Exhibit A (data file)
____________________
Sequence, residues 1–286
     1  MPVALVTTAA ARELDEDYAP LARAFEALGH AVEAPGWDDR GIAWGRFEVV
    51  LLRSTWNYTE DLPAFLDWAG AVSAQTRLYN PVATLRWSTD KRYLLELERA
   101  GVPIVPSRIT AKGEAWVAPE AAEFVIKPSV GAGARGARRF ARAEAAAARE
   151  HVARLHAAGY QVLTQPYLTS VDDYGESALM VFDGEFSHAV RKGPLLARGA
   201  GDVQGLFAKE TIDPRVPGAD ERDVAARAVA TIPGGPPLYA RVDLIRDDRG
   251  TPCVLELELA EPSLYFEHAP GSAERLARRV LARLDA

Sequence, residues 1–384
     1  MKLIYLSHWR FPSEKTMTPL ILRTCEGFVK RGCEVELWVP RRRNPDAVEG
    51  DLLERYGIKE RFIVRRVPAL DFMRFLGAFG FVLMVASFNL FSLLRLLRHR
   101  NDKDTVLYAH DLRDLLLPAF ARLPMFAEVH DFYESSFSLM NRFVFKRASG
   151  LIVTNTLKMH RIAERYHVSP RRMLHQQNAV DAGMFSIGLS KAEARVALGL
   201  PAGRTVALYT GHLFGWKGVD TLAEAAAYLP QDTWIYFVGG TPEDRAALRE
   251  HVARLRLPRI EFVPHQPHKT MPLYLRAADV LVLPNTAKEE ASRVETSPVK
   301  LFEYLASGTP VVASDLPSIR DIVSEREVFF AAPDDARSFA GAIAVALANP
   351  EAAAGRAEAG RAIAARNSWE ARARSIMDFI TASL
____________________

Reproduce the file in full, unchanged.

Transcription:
Sequence, residues 1–286
     1  MPVALVTTAA ARELDEDYAP LARAFEALGH AVEAPGWDDR GIAWGRFEVV
    51  LLRSTWNYTE DLPAFLDWAG AVSAQTRLYN PVATLRWSTD KRYLLELERA
   101  GVPIVPSRIT AKGEAWVAPE AAEFVIKPSV GAGARGARRF ARAEAAAARE
   151  HVARLHAAGY QVLTQPYLTS VDDYGESALM VFDGEFSHAV RKGPLLARGA
   201  GDVQGLFAKE TIDPRVPGAD ERDVAARAVA TIPGGPPLYA RVDLIRDDRG
   251  TPCVLELELA EPSLYFEHAP GSAERLARRV LARLDA

Sequence, residues 1–384
     1  MKLIYLSHWR FPSEKTMTPL ILRTCEGFVK RGCEVELWVP RRRNPDAVEG
    51  DLLERYGIKE RFIVRRVPAL DFMRFLGAFG FVLMVASFNL FSLLRLLRHR
   101  NDKDTVLYAH DLRDLLLPAF ARLPMFAEVH DFYESSFSLM NRFVFKRASG
   151  LIVTNTLKMH RIAERYHVSP RRMLHQQNAV DAGMFSIGLS KAEARVALGL
   201  PAGRTVALYT GHLFGWKGVD TLAEAAAYLP QDTWIYFVGG TPEDRAALRE
   251  HVARLRLPRI EFVPHQPHKT MPLYLRAADV LVLPNTAKEE ASRVETSPVK
   301  LFEYLASGTP VVASDLPSIR DIVSEREVFF AAPDDARSFA GAIAVALANP
   351  EAAAGRAEAG RAIAARNSWE ARARSIMDFI TASL